“I still don’t get it, though.” Josh completely changed the subject and therefore my train of thought. “Why is her pregnancy a problem?”
“Marisol hasn’t worked since Micah was born,” I explained. “She’s the best financial manager I’ve ever met. Sol’s great at her job, banks were always throwing money at her to work for them, but most of all, she really enjoyed working with numbers. She was really truly happy. Not that she isn’t right now,” I clarified. “She’s completely in love with Michael and Micah. I don’t think she’d have it any other way. But she was happy to go back to work, to feel fulfilled in her professional life. Now that Micah’s in preschool, she accepted a proposal from a bank she used to work for. Marisol’s super happy getting her chance to work with all those numbers. And she feels that a new baby will change it all. Somehow, she thinks that Michael and her family will pressure her into staying at home with the baby. She’s terrified of that.”
“That’s why she was so upset.” Josh seemed to really understand Marisol’s situation—seemed completely sympathetic. “But there must be other options,” he added. “Besides, a new baby should be a source of joy in any family. I love how children light up a place.”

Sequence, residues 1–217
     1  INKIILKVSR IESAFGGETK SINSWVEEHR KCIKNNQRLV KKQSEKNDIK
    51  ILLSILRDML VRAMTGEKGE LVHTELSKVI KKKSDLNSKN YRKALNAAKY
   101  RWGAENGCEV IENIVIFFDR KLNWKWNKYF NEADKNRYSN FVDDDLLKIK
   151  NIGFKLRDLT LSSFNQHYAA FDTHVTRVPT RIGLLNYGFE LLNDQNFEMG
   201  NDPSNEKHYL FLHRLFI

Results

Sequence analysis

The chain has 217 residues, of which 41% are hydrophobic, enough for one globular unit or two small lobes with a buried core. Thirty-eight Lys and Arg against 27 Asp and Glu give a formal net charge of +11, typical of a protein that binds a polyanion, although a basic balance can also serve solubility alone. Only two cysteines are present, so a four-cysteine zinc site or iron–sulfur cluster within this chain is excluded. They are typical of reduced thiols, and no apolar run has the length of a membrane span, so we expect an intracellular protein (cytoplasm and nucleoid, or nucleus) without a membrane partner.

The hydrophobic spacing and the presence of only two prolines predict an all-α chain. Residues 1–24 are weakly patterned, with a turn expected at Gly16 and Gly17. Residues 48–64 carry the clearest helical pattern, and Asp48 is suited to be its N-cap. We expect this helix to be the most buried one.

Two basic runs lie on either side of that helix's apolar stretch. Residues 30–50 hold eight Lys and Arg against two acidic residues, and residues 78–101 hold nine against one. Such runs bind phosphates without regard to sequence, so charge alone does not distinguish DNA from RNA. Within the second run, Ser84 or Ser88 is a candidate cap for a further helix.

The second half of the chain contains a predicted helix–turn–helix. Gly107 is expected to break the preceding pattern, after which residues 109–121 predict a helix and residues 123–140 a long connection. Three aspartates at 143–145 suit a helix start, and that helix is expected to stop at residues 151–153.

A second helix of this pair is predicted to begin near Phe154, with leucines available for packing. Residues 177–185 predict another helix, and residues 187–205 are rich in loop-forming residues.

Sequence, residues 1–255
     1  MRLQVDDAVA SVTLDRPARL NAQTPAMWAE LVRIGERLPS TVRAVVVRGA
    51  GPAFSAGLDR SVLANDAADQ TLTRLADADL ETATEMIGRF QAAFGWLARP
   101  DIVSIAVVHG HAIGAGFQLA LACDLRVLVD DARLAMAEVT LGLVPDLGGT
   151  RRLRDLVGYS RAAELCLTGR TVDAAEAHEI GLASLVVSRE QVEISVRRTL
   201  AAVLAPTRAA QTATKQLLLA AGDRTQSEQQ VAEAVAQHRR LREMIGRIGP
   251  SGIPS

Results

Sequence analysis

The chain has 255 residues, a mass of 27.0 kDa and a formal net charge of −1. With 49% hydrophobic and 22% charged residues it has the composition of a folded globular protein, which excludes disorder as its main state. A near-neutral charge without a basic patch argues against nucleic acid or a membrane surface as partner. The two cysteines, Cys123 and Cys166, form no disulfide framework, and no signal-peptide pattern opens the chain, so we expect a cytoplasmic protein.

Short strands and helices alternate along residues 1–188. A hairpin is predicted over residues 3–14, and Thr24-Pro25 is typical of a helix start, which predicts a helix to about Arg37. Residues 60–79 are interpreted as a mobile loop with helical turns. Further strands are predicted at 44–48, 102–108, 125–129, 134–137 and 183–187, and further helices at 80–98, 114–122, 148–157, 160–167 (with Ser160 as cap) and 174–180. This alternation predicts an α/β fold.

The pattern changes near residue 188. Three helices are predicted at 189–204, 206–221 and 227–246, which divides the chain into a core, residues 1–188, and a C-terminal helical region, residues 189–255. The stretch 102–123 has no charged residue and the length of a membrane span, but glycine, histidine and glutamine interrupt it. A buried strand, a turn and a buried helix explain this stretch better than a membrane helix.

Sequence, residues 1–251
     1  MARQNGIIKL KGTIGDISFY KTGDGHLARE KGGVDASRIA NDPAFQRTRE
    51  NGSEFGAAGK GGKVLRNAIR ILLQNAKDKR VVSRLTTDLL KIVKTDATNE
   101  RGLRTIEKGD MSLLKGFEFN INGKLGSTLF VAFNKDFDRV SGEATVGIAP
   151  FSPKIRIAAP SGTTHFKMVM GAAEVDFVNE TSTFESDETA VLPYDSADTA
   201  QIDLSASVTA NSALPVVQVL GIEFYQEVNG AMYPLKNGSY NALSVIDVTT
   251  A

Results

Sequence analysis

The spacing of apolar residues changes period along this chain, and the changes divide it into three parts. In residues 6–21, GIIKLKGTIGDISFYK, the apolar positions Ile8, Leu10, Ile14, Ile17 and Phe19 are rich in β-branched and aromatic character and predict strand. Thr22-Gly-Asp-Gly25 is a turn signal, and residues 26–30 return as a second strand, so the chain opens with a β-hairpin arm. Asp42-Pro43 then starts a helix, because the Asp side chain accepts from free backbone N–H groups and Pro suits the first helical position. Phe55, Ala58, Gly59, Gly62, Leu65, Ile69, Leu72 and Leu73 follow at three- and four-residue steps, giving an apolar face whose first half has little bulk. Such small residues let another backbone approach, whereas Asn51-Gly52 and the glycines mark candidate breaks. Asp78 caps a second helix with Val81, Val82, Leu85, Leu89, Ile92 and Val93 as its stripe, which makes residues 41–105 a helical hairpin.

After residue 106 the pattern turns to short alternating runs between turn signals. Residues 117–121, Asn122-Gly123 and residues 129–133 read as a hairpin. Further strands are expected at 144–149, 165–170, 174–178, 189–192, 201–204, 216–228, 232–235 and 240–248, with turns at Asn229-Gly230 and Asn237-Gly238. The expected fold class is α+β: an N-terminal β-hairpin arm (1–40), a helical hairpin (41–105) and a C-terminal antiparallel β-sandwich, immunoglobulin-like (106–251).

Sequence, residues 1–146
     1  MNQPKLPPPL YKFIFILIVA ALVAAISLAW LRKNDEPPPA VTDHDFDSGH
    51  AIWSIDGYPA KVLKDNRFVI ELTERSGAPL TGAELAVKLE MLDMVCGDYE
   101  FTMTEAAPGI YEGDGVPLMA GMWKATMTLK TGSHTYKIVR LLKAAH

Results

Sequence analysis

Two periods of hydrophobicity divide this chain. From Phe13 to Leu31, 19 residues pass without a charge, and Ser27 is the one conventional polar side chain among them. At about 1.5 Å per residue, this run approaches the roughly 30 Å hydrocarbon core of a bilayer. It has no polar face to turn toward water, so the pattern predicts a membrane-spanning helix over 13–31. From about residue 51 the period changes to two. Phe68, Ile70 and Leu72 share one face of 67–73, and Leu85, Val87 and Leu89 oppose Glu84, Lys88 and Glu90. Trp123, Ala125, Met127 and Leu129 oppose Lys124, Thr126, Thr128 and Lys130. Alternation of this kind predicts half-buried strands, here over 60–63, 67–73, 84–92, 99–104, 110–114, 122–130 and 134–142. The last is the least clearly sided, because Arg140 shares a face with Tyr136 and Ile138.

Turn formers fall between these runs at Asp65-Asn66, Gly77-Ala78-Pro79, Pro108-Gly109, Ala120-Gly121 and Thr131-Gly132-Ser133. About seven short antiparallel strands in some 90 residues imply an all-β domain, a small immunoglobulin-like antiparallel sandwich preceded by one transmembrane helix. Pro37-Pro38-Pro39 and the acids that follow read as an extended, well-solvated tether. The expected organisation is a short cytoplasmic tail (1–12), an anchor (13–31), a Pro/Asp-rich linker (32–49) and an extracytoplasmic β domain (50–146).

OMG. I had never expected something like this from a man like Josh. A man I saw with so many different women, I once considered him a womanizer. A man who worked in the fashion world at a modeling agency, scouting models at bars and pubs. A man who kept telling me he was so in love with me. And now he mentioned babies and how wonderful they are.
It was too much for me right then.
“Whether they’re planned or not, having a baby is a big deal. People should be happy about it,” Josh continued, voicing his opinions in a parallel universe I never thought existed.
Yep, too much. I needed to stop this conversation.
“I’m sure,” I said, trying to stop any more ‘how wonderful are babies’ comments. “You know what, Josh? I’m really tired.” I stood and ran from his loving ministrations. “This whole thing with Sol completely drained all my energy and I have an early day tomorrow. Do you mind if I go to bed now?”
“Oh, sure, gorgeous,” he said. “I completely understand.” Josh walked to the door and I followed him closely. “I’ll see you tomorrow, then.” The way he said goodbye sometimes made my body physically reluctant to let him go. His kisses completely melted me, and he knew just how to ignite my body so I couldn’t do anything but want him. Tonight, though, I felt like being alone, and I really needed him to go.
“Will you meet me tomorrow at my place?” he asked as his mouth left a trail of kisses down my neck. “Or should I come back here?” His hands had already unbuttoned my shirt, exposing one of my breasts, and his skilled fingers played with my nipples.
“You’re the devil,” I said, pushing him against the door. He dropped his hands and gave one his most deliciously impish smiles. “Stay away from me.”
“I’ll call you tomorrow and let you know,” I answered.
“I love you, baby,” he said.
I kissed him lightly and closed the door behind him as he left. It might have been silly, but at that moment, I was really thankful that I was on the pill.